However, as with tobacco and asbestos, the true story was more complicated and possibly more sinister. Public health activists and plaintiffs' lawyers claimed that they could demonstrate that, just as in other well-known mass torts, the lead paint industry knew about, but concealed, the risks of lead pigment from the public and the government.

The problem was that, even if this were true, efforts to sue the lead paint industry in tort would have gone nowhere, for a variety of reasons, including the impossibility of product identification – that is, the ability to match paint to its manufacturer -- in most (but not all) cases.

Enter the doctrine of public nuisance. The theory is that by creating and selling lead pigment, the paint industry interfered with the public right to a healthy residential environment. Accordingly, whether or not the industry was negligent, it -- like the owner of the fallen tree in the example drawn from Blackstone -- should be required to remove the paint, so that the public can enjoy its right to live without being exposed to a toxin.

A negligence suit would have asked for damages. But as noted above, a public nuisance claim, by its nature, asks not for money damages but a court injunction. Here, the desired type of injunction would have directed the industry to pay the cost of removing ("abating") the lead paint from any home where it may be. This would be a massive endeavor whose real cost, if done nationwide, no one really knows. Yet it is clear that, even in a small state like Rhode Island, having to pay abatement costs could bankrupt the entire paint industry.

A Trial Judge Embraced the Public Nuisance Theory for Lead Paint – But the Rhode Island Supreme Court May Not Do the Same

Almost every court that has been asked to apply public nuisance to the problem of lead paint has rejected the theory. In Rhode Island, however, Whitehouse found a sympathetic trial judge and a Supreme Court that refused every entreaty from the defendants to accept interlocutory appeal (that is, appeal in the midst of the case, rather than at its conclusion).

After two jury trials, the State of Rhode Island received a jury verdict finding that the industry had created a public nuisance. Now, the trial judge is hearing evidence on how much the industry should pay the state to clean up every house in the state that might contain lead paint. And, finally, the Supreme Court of Rhode Island agreed to hear the paint industry's appeal.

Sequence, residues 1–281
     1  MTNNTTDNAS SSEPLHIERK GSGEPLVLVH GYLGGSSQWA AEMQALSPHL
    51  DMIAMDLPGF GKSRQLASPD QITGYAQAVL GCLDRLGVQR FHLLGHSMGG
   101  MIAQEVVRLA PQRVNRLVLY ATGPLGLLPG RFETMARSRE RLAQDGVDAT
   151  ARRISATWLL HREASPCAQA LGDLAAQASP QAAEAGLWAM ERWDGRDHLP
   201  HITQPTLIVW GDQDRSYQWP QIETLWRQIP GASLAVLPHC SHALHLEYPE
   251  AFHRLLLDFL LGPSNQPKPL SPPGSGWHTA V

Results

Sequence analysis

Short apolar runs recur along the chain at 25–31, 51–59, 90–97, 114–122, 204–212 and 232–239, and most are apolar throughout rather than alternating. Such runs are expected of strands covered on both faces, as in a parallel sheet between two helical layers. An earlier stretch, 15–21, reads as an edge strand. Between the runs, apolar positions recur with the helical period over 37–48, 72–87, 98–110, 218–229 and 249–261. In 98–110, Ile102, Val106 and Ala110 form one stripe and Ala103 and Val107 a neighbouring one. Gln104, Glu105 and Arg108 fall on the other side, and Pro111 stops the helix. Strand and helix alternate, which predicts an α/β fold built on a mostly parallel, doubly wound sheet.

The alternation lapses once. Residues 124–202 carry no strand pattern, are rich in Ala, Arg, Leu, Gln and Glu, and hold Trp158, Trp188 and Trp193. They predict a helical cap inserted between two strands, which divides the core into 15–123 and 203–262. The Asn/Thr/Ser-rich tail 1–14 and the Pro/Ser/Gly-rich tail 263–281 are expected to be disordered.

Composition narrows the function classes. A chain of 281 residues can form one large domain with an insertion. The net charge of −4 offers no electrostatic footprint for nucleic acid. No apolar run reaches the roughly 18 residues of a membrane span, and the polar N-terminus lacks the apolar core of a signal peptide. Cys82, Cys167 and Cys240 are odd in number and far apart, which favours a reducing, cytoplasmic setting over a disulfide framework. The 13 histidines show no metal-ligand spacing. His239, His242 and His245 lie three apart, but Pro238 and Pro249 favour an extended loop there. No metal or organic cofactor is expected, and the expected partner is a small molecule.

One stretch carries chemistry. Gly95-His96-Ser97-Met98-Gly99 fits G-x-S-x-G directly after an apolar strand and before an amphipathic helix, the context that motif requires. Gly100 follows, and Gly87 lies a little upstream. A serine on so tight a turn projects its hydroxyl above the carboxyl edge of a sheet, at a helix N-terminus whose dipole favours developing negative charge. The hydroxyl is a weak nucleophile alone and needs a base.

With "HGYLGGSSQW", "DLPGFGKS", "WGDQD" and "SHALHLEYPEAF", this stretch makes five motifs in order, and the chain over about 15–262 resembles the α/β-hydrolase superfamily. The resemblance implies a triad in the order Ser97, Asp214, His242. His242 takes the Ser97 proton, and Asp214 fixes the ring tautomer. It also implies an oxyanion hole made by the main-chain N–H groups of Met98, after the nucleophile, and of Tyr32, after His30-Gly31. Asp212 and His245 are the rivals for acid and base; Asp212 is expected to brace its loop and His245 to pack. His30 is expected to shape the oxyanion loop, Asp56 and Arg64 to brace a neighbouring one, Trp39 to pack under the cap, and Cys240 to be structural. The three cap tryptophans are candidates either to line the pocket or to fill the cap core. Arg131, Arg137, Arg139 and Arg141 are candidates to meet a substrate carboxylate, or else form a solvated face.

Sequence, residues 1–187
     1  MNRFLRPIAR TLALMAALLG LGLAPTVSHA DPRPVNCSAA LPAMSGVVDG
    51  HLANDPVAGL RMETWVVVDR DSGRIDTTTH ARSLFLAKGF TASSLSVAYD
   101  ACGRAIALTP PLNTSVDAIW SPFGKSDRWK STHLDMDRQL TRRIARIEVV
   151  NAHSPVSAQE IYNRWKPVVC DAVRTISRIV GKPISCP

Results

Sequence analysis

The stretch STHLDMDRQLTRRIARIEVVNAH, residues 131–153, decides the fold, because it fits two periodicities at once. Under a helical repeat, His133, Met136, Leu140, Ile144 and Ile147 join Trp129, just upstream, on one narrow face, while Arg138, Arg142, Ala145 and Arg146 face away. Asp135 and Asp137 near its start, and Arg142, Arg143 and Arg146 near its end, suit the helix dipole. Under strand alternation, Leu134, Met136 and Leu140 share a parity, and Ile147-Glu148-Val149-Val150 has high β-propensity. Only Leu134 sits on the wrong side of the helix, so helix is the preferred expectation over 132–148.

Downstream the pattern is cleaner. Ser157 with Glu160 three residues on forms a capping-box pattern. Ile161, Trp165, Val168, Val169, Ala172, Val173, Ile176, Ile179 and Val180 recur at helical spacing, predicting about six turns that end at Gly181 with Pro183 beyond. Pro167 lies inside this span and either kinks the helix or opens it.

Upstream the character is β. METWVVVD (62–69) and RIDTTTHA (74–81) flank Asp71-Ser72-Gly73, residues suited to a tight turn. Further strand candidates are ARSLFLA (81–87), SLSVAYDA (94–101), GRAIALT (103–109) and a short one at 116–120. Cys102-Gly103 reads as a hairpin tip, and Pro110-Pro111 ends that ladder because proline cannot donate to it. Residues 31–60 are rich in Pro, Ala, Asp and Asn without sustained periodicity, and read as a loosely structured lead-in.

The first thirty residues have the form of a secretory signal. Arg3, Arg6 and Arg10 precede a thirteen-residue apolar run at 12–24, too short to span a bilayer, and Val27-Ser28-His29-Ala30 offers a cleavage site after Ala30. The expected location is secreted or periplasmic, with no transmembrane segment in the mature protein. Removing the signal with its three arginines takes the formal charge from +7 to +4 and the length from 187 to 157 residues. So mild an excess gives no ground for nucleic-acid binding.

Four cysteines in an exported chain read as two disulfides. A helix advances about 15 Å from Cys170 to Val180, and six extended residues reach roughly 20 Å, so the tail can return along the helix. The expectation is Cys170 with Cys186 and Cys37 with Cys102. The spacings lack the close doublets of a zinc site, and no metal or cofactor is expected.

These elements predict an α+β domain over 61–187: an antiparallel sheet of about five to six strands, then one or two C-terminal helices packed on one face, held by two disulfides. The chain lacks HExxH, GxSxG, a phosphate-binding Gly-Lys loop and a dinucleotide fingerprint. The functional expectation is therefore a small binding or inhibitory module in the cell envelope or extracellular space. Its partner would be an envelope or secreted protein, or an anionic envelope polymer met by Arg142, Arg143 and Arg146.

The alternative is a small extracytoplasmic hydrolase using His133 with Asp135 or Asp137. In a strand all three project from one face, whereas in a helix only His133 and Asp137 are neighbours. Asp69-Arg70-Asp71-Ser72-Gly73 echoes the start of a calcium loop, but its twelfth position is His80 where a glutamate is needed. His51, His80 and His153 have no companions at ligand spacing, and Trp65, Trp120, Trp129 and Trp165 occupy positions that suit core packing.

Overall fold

Like many observers, I predict that the Rhode Island Supreme Court will reverse the trial court's verdict. The trial judge took too many liberties with the law, including, it seems, permitting the state to hide critical evidence from the jury. But such a ruling will not necessarily end the litigation. That's because the real question now is whether the industry will face yet another trial, meant to be free of the problems and errors that plagued the last, or whether the Rhode Island Supreme Court will reject the public nuisance theory entirely, and shut this litigation down forever.

Why the Case Is Complex: Neither Side Has Depicted Rhode Island Public Nuisance Law In an Entirely Fair and Accurate Way

In my next column, I will argue that the Rhode Island Supreme Court has a very difficult task before it. After listening to the oral argument, I have become convinced that while the state of Rhode Island may have played fast and loose with the law of public nuisance in order to "get" the paint industry, the industry played fast and loose with their characterization of the law of public nuisance in Rhode Island, too.

In fact, if the court decides in favor of the industry—as I believe it should—it will have to overcome its own precedents, and rewrite the law of public nuisance. This would not be a bad thing. However, as I will argue in my next column, it is not as easy a task the lawyers arguing on behalf of the industry suggested last week.

Anthony J. Sebok, a FindLaw columnist, is a Professor at Benjamin N. Cardozo School of Law in New York City. His other columns on tort issues may be found in the archive of his columns on this site.